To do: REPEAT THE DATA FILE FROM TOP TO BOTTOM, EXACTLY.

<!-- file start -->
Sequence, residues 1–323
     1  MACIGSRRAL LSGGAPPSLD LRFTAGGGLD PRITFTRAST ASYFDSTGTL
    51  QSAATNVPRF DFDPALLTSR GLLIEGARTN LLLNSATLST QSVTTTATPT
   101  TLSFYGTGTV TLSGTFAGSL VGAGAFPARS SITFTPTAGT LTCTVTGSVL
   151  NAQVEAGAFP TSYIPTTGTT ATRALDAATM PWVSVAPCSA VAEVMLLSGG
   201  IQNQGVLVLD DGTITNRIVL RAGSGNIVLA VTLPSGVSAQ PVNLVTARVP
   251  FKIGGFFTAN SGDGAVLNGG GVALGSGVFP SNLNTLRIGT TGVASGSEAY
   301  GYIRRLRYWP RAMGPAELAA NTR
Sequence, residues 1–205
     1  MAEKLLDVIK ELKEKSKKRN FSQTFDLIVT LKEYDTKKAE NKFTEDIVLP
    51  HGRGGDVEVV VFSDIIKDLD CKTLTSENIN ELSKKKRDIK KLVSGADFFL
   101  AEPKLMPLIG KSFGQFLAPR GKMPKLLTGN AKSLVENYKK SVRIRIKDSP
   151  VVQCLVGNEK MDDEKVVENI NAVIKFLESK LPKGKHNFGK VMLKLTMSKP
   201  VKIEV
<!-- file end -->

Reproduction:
Sequence, residues 1–323
     1  MACIGSRRAL LSGGAPPSLD LRFTAGGGLD PRITFTRAST ASYFDSTGTL
    51  QSAATNVPRF DFDPALLTSR GLLIEGARTN LLLNSATLST QSVTTTATPT
   101  TLSFYGTGTV TLSGTFAGSL VGAGAFPARS SITFTPTAGT LTCTVTGSVL
   151  NAQVEAGAFP TSYIPTTGTT ATRALDAATM PWVSVAPCSA VAEVMLLSGG
   201  IQNQGVLVLD DGTITNRIVL RAGSGNIVLA VTLPSGVSAQ PVNLVTARVP
   251  FKIGGFFTAN SGDGAVLNGG GVALGSGVFP SNLNTLRIGT TGVASGSEAY
   301  GYIRRLRYWP RAMGPAELAA NTR
Sequence, residues 1–205
     1  MAEKLLDVIK ELKEKSKKRN FSQTFDLIVT LKEYDTKKAE NKFTEDIVLP
    51  HGRGGDVEVV VFSDIIKDLD CKTLTSENIN ELSKKKRDIK KLVSGADFFL
   101  AEPKLMPLIG KSFGQFLAPR GKMPKLLTGN AKSLVENYKK SVRIRIKDSP
   151  VVQCLVGNEK MDDEKVVENI NAVIKFLESK LPKGKHNFGK VMLKLTMSKP
   201  VKIEV